For this you’ll need a visa first — if you want to follow the “legal” route :-)— and a bank account, and sometimes even an employment contract. In my case, I went to Spain with a job contract as an Auxiliar de Conversación (teaching assistant), but at the same time my job fell under the category of studies because this is a grant from the Department of Education of Spain. With this job contract, I was able to get an identification card (NIE), and with my NIE I was able to get a bank account. So, once I had all my paperwork in order, I was able to rent a long-term apartment.

Now, this is how I found a vivienda (home) in Spain

There are always pisos (apartments) and houses en alquiler (for rent) in Spain. Months before I moved to Ciudad Real, Spain, I spent a good amount of time searching for the best deals. There are a bunch of websites where you can get started with your search and here are the ones I recommend:

En Alquiler – this is probably the broadest site and it’s where I found my long-term furnished apartment in Ciudad Real, Castilla La-Mancha. Pisos are for rent by owners and realtors.

Idealista – this site is very popular among students because it’s very straightforward and there are a lot single rooms and homes for rent by other students and by the owners.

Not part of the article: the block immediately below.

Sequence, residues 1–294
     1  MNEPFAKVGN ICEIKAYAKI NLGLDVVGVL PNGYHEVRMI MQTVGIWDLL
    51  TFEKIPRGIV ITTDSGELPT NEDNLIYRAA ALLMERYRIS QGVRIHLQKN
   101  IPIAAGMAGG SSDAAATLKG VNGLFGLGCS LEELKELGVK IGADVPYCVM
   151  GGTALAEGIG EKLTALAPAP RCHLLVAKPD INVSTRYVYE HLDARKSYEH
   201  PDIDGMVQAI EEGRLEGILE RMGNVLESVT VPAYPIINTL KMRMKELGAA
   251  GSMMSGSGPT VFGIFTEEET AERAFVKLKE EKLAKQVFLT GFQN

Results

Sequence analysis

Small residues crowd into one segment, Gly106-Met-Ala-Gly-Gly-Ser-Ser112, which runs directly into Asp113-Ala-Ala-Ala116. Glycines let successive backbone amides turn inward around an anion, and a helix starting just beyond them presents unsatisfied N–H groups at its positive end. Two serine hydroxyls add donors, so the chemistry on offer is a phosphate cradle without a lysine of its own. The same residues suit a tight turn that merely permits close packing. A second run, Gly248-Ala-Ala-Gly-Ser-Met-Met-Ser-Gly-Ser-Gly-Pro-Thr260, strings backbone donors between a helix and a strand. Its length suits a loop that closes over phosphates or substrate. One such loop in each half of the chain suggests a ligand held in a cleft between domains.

Fotocasa – this is another wide-ranging website with lots of options

Segundamano – at first, the name of this site scared me away—“Segunda mano” means secondhand. But I was wrong to judge. It’s a good site with not just homes for rent, but a whole lot of everything!

Ya encontré – also a big site with good leads

And though I didn’t use them, these are some Craigslist-types of sites with possible good leads: Loquo, Mundoanuncio, and the very Spain Craigslist.

A few things to consider when conducting your apartment search by location, price, type of housing, whether you want it furnished or not, and whether you’re looking for properties by the owner or by inmobiliarias (real state). If I may suggest, renting straight from the owner is generally cheaper and there’s less paperwork! Most websites I mentioned above give you the option to narrow down your search by categories.

Don’t ever, ever agree to rent a piso or to pay any money without first seeing it. After my contract was up in Ciudad Real, I was looking for a room in Madrid and I came across some creepy ads. On a teaching assistants Facebook page, students and locals advertised apartments and rooms for rent all the time. I saw one I liked a lot. I mean, this room looked clean and perfect in the picture and it was located in La Latina, a major area of Madrid, and for a very low price. So I contacted the renter and, when I went to see the room in person, it was a complete catastrophe! Actually, this is quite an understatement; it was really the most disgusting thing I had ever seen for a home!